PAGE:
Protestors at the March for Our Lives in March 2018 carry portraits of the 17 people who were killed in the Parkland, Fla. shooting. The portraits were drawn by Gracie Pekrul, 16, a student of Simi Valley Oak Park Independent School. (Irfan Khan / Los Angeles Times)
Geffen Academy at UCLA

Opinion: Too young to vote? Why our voting age should be lowered to 16

How important is it to vote?

This past election made me realize the true significance of voting, and has led me to wonder why the voting age is so high when high school students like myself have just as valid political opinions as many adults. I find it ironic that many of those who encourage people to vote are minors, and cannot submit a ballot solely because of their age.

Modernization through the form of technology has given students a platform to express their viewpoints, so why can we not vote?

Unlike previous generations, students have access to a variety of digital sources to formulate a political opinion at a young age. Social media apps such as Instagram, Twitter and Facebook are outlets that provide political and societal views to many users who are not old enough to vote.

According to a 2018 Pew Research Center survey nine in 10 teenagers say that they use social media. Students who find interest in these topics have the capability to use the internet as a platform for research with the intent of forming their political viewpoints. 

At the age of 15, I am already informed about the importance of voting, and I have been able to educate myself on a variety of topics with regard to politics. I find it absurd that high school students like myself must wait to turn 18 to vote when we obtain our opinions at a much younger age and have the ability to make calculated decisions on our own. 

Critics argue that teenagers are reckless and uneducated, but have no rational data to back their claim. In a 2018 New York Times opinion article, Laurence Steinberg wrote that studies have shown by the age of 16, adolescents have the necessary skills to make informed decisions.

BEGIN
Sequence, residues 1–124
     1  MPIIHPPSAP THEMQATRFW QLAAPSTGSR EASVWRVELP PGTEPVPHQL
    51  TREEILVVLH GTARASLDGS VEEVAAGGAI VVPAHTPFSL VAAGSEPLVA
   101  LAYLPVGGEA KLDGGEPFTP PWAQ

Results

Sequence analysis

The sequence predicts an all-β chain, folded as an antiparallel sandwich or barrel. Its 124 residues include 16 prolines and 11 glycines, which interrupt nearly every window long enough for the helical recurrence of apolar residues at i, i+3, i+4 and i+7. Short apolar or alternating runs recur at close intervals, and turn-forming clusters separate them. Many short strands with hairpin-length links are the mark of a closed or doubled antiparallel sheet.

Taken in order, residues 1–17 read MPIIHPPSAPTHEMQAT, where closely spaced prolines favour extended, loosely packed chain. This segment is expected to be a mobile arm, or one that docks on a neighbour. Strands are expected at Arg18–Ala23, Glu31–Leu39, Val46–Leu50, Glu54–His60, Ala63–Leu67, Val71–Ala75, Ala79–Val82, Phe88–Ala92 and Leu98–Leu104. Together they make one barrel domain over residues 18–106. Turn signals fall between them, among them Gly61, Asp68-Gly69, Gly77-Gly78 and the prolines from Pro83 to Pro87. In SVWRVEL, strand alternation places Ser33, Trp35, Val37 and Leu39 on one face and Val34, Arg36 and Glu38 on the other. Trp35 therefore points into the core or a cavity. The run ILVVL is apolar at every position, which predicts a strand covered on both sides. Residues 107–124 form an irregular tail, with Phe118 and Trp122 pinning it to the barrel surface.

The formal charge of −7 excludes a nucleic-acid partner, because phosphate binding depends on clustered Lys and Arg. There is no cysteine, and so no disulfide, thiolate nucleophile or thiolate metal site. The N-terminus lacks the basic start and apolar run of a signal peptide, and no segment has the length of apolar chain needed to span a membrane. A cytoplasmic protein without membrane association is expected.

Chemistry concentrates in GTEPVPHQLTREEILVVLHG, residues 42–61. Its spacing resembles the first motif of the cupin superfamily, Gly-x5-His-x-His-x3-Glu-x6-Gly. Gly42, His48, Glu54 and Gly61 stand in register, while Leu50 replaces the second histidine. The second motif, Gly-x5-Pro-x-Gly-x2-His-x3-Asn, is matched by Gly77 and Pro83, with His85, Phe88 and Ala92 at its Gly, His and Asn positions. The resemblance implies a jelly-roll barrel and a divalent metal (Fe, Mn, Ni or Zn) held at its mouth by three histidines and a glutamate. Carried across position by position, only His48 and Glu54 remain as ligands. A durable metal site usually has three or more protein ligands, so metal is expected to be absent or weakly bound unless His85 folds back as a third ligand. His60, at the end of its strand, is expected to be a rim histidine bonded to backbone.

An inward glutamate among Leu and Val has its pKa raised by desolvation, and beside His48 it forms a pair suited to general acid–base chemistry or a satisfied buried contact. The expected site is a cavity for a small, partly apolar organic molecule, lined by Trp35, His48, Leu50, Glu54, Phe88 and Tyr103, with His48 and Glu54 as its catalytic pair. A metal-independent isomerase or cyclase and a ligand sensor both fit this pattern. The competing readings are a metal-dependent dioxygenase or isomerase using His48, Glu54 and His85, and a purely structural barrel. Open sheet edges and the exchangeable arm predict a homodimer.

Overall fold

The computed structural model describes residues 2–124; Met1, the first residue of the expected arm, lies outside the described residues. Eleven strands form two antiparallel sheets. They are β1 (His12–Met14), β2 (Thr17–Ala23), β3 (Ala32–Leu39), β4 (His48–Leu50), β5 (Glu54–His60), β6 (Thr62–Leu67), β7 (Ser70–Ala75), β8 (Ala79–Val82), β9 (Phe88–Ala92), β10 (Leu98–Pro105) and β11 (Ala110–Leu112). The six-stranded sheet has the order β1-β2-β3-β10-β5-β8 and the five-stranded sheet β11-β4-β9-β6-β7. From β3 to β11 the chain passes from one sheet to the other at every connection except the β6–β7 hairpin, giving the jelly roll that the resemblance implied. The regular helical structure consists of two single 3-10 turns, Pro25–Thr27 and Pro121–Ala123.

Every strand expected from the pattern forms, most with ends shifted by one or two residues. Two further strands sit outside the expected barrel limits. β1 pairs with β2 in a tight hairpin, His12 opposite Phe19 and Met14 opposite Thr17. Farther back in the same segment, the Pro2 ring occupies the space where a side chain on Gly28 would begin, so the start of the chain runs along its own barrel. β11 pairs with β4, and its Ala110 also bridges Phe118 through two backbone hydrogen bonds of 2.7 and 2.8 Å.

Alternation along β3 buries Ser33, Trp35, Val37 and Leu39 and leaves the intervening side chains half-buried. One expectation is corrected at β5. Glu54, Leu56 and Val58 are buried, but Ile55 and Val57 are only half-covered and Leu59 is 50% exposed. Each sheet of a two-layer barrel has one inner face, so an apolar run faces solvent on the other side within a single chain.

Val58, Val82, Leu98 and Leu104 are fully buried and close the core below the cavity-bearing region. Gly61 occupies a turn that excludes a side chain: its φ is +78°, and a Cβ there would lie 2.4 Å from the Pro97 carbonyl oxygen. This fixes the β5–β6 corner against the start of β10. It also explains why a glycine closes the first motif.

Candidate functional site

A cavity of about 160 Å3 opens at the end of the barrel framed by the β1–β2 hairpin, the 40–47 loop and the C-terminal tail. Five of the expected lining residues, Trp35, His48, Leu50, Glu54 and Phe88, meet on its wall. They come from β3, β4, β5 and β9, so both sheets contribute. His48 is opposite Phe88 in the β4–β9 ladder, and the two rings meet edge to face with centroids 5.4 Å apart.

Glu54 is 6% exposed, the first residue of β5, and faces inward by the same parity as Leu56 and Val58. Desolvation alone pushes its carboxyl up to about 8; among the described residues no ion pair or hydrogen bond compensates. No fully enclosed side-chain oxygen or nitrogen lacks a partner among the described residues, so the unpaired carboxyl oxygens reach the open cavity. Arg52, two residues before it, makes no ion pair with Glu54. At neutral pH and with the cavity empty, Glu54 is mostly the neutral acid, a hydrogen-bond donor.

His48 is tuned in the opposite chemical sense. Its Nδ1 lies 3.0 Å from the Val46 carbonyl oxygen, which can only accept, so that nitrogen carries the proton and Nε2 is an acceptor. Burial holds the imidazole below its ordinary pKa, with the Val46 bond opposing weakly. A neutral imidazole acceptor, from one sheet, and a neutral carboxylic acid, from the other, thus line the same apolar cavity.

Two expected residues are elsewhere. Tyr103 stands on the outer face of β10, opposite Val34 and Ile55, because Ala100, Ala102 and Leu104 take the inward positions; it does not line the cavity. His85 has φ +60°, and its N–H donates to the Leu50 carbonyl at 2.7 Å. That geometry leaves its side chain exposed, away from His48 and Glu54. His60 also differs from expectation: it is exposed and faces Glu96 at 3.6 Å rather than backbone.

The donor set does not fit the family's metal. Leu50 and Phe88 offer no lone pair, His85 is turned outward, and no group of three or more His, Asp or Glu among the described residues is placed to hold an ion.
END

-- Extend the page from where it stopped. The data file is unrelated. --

In addition to the ability that students have to construct their political outlooks, I believe that lowering the voting age will encourage students to vote, which will result in a wider variety of overall voters. 

With our recent election, I, as a high school student, felt helpless. It goes without saying that this presidential election was of great significance for many years to come, and the fact that I could not vote because of my age is just not fair.

In recent elections, studies have shown that the majority of ballots cast have come from older, white voters. If our government could provide minority groups and teenagers with an opportunity for voter registration, then more diversity would be present among voters within the United States. 

Students should have a say in their futures, and lowering the voting age will only encourage us to go to the polls and increase voter turnout in younger communities. By doing so, the demographic of voters will not only broaden, but it will also give students like myself a chance to make an impact.

Just because we are young, it does not mean that we are uneducated and that our voices do not matter.

Dani McLaughlin agrees with me on this point, and in an article published by Campaign Legal Center, she claims that teens are engaged and hold opinions on policies that impact their lives, but still have no voice.